With GPS and SmartNet establishing themselves nicely the next step had started to evolve....3D laser scanning.  For the first time in Surveying evolution we were about to enter a realm of surveying too much information (if that is even possible).  Perhaps 'too much' is the wrong was to describe this.  If a total station is a sniper rifle picking up the bare minimum to reflect the ground on a 2D or 3D plan, then a laser scanner is more like a paint bomb covering everything and anything.  Recording everything within line of sight of the scanner, waiting for the Surveyor to get back to the office to trim out the superfluous data and produce the same 2D or 3D plan.  The benefits are there, if there are any queries the site has been captured in perpetuity and can be revisited to respond to any queries.  The Surveyor can spend less time on site, and can do the work from a safe (or at least safer) location without the need to get too close to the main road or cliff edge.  On the downside (for some) it means a lot more time in the office interpreting the data and developing it into a format which can be utilised by the end user.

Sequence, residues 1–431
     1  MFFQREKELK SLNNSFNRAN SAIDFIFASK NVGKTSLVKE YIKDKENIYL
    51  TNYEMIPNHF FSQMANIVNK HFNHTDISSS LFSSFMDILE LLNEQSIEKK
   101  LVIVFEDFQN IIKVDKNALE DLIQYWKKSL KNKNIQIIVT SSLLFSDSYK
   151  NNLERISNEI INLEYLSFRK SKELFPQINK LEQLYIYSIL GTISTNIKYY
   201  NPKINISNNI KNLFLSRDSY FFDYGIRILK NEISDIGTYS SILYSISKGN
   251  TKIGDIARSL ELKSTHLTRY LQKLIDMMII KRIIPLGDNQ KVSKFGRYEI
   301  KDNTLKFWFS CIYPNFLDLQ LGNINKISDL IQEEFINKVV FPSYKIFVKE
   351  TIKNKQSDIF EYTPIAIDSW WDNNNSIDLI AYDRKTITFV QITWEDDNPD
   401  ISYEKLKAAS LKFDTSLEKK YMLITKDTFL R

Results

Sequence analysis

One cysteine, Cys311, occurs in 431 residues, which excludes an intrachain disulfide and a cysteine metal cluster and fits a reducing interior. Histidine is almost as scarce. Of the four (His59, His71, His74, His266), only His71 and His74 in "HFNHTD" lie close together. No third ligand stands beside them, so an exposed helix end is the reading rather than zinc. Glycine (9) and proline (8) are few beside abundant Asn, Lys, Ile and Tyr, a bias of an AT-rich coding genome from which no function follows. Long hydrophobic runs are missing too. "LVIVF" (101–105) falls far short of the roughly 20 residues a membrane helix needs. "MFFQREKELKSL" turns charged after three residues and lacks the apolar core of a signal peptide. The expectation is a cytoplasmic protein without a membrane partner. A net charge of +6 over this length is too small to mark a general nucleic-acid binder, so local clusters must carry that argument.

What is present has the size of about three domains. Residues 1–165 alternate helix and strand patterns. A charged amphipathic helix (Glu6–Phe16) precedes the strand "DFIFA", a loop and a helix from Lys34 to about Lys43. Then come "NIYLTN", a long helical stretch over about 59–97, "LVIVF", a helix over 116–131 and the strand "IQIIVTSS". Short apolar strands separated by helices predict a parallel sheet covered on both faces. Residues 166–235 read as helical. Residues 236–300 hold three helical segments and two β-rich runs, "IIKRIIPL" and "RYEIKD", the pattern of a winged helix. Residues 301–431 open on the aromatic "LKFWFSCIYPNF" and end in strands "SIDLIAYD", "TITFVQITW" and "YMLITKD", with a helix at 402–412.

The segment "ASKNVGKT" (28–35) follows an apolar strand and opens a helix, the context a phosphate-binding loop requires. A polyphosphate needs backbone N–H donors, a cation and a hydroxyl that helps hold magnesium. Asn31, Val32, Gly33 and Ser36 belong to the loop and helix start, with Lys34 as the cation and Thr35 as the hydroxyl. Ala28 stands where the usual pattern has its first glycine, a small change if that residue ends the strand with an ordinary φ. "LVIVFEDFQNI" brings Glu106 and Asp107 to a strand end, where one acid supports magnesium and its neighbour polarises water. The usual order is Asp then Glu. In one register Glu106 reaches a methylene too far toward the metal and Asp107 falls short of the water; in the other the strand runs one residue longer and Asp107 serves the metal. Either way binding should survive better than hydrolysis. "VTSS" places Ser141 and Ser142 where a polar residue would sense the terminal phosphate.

Of course sometimes the new technologies and old methods do merge into one.  In the case below using the laser scanner (in this case a Leica C10) saved days on the site work, but this was offset by the additional office time required isolating the relevant information.  This 'sorting' of information was formally done on site using the Surveyors experience, they can survey only the relevant information.  The scanner take on a more global approach and picks up everything and in essence moves the elevation onto a computer for the Surveyor to work with.  Again a big selling point was the surplus data collection which could be called upon if additional information were needed at a later date...hasn't happened yet.  However three days in the office was far better than an additional three days on site in the rain!  SO in this case speed helped the Surveyor with no either or option when tendering for the works.
But why stop there, there are more developments coming through the system with drone and uav surveys, some work on the same principle as the laser scanner others create the information in a method similar to photogrammtry.  The end result in a full editable 3D model of the site - of all least that which can be seen from the air and is not buried in long grass or under the only parked car on the site.  The theory is good, and the practise is good but there are some issues.